What I learned at the LeSS Coach Camp

Edward Dahllöf
May 7, 2018 · 4 min read

I joined the LeSS Coach Camp in Berlin the other weekend. It’s a yearly unconference in a small suburb, Zeuthen, at a nice hotel right at a lake. The weather was sunny and many of the session where held outside. Germans like beer, hence the flat rate bar was included in the conference price which made the evening discussions even more interesting.

I missed the first half day due to bad flight planning. Anyways the second day started of with sharing notable stories from the day before and a market place. Lots of interesting topics, and a engaged group.

I visited a slot about product backlogs in large organizations and some industry examples. We talked about the Product Owner as match maker, connecting customers and stakeholders to the team. The customer as the source of information. The product backlog should be one dimensional, containing only PBIs. But the product backlog is only one source of information which should be complemented by for example user story mapping or impact maps. Then the other artifacts can guide the long term view and the product backlog can show what needs to be done in the short term, hence keeping it short and one dimensional.

Just outside the hotel in the shadow of some trees we talked about “LeSS fuck ups” shared stories of LeSS adoptions going wrong. The focus was to find out what we did wrong, what could we do better next time. It was interesting hearing all the things learned in the group, but it was more interesting hearing about the common themes; Lack of communication with management. The discussion turned to how to better communicate with management. My former colleague Markus suggested I should grow a beard just as white and wise as his… I guess his point was that it comes easier with seniority.

Before lunch I had the opportunity to talk to three LeSS coaches about what LeSS really wants. We talked about Larmans idea of “reducing suffering in software development” But I wondered if you could make it a bit more easy to sell. We talked about it being a slippery slope, LeSS is not a prescriptive framework and it needs you to think for yourself, therefore we cant sell a easy way to adopt LeSS, you need to really want it yourself, and it’s going to be a tough journey.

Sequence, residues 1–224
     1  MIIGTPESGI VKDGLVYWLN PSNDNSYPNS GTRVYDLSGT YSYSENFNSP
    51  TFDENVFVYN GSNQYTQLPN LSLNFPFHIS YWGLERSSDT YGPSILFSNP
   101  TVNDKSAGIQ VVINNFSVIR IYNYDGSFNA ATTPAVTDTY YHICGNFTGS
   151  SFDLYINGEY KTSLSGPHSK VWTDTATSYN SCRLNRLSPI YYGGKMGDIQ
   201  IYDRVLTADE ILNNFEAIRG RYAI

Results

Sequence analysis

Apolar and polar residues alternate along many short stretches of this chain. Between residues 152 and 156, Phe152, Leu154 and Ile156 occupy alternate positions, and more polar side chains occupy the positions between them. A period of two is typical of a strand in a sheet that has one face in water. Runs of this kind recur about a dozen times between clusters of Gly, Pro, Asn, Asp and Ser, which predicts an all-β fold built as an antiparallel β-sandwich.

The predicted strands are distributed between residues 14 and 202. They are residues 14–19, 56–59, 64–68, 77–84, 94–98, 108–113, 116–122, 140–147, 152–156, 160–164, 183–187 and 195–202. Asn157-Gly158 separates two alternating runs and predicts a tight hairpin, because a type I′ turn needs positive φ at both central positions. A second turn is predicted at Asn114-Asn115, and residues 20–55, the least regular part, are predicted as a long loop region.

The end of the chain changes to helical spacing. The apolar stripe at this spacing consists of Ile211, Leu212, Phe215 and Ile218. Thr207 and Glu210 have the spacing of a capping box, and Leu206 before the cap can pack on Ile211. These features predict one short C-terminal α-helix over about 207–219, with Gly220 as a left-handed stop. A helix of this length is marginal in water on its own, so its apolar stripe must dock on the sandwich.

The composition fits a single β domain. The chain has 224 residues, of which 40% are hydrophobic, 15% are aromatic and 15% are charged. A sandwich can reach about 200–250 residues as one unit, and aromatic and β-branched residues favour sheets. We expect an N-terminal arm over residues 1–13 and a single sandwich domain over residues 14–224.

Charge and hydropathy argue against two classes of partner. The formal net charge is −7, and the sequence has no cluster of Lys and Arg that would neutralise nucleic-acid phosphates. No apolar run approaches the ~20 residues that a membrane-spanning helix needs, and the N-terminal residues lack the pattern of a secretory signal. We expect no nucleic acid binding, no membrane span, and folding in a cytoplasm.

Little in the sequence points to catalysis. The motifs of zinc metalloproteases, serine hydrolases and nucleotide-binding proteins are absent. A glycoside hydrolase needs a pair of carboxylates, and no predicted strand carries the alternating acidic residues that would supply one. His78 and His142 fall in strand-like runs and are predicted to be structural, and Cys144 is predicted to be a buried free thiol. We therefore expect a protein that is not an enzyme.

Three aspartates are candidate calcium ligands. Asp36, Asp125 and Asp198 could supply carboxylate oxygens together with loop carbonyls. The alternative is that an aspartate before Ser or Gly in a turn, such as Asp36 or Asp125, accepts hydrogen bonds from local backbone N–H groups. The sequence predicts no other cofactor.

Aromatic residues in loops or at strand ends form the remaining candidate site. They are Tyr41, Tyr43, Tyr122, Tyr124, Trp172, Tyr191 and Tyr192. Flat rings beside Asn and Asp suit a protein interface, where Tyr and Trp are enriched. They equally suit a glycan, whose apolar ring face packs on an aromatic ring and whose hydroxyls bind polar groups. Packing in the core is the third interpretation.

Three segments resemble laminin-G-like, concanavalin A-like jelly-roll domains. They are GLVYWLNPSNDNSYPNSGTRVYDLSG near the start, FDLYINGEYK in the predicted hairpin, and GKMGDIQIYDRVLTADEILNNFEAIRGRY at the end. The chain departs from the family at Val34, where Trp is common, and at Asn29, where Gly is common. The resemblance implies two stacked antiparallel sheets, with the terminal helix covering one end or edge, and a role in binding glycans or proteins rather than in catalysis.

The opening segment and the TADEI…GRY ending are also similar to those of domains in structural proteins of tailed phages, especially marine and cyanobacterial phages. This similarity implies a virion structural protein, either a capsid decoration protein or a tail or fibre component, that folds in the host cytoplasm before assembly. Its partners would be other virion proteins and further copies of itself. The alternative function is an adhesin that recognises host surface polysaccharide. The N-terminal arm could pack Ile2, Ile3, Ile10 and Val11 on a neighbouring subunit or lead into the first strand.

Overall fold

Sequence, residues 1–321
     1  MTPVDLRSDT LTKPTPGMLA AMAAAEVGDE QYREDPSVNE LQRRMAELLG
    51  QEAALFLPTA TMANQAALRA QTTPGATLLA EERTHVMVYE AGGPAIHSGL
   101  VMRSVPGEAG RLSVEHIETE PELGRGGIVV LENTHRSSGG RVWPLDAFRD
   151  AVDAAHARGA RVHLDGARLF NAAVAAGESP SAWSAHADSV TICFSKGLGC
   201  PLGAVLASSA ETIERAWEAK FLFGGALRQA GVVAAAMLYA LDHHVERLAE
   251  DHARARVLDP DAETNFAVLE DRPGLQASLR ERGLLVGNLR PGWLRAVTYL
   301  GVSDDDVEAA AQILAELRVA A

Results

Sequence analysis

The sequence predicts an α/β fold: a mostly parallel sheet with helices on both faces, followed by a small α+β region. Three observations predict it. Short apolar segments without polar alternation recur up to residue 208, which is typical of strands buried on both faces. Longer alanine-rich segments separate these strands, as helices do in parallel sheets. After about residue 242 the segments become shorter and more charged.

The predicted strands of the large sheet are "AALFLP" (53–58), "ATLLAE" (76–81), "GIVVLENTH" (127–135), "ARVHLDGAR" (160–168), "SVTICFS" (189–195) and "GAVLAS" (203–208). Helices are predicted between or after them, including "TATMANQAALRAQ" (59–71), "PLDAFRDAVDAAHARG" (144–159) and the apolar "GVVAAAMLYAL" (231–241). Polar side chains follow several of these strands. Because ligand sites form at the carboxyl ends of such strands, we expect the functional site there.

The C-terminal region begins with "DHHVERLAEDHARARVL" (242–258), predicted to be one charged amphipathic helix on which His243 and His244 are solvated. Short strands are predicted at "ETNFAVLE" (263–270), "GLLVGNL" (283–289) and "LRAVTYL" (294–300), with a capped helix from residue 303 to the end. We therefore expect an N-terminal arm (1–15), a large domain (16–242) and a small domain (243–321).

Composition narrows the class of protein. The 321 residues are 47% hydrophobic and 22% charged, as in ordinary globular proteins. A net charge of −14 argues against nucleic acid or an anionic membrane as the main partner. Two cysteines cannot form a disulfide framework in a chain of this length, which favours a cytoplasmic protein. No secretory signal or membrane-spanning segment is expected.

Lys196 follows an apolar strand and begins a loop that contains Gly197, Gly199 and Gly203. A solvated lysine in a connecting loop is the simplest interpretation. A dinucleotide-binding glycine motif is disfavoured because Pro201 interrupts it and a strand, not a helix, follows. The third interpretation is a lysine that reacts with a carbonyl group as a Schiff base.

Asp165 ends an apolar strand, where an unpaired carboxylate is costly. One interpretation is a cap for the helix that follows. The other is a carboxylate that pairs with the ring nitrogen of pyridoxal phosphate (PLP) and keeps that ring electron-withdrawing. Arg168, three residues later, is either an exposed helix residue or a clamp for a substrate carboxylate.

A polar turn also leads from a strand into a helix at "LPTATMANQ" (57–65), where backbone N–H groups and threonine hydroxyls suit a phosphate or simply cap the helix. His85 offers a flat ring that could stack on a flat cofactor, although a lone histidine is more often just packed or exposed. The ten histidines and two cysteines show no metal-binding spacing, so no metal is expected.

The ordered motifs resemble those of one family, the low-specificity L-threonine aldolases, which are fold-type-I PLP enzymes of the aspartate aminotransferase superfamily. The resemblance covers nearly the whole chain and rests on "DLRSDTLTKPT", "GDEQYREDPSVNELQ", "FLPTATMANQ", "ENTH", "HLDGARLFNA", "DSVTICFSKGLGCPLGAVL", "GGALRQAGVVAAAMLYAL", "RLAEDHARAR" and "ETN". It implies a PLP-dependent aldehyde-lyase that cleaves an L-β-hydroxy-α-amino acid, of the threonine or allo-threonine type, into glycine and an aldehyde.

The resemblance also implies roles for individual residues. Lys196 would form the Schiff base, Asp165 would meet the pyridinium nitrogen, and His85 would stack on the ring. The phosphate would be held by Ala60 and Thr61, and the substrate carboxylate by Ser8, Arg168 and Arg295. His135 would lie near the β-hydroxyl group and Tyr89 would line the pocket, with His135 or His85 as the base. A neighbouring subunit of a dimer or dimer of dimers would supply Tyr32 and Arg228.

In a session about Spiral Dynamics we learned about the history of the terminology, dating back to Clare Graves to Ken Wilber and Don Beck to Frederic Laloux, the point being that they all got it wrong.

The sun was out and the temperature was well above Swedish summer so we decided for a coaching dojo on a pedal boat. The coach and coachee was pedaling and the observer where listening on the sun deck. I was reminded of the challenges making a well disposed coaching session in just ten minutes while paddling and steering.

After the dinner there was a campfire by the beach and we played games and discussed into the night.

The next morning there was a slight delay in the start of the open space…

A LeSS trainer hosted a session about the problem and solution space in the product backlog. We simulated a product owner ordering something complicated form a team. The learning was that the team should look for the simplest solution to validate the product owners hypothesis. “Think Simpler”

My former colleague Nils hosted a session on Causal Loop Diagrams. In teams we discussed the influence a set of som variables had on each other. Always good to practice and se the thinking of others.

Yet another LeSS coach invited to a session about management in LeSS and how to use the middle management as a engine for LeSS adoption. Management needs to publicly own the change and constantly educate them selves

I hosted a session on how to suggest LeSS as a scaling framework when SAFe is taking over the market. Where SAFe says do exactly like this, because it is tested on a lot of places and will work for you, just follow these steps. And on top of that gives people the possibility to train in SAFe after just a four day course, it sounds almost like a ponzi scheme where the solution is simple and you get it after a short training as long as you pay the lisence, and boom 250 000 licenses sold. When you look at SAFe, you get nothing, only three books to read an one course to attend, if you get hold of one of the 16 LeSS trainers. I think that is the reason for the majority choosing SAFe. As a metaphor: SAFe is like a missionary religion, promising hope and improvement to all, as long as you pay your tithe, where as LeSS is like the Zen monastery where you have to kneel before the gate for three days while they try to drag you away. Making real profound change in an organization is hard, if you really want it to change you have to make a lot of sacrifices and unless you really want it you shouldn’t go through that door. And that’s why many companies chose not to.

I stayed until the evening on that day and had the white asparagus with lamb, it was delicious. I’m looking forward to the next LeSS coach camp

Edward Dahllöf

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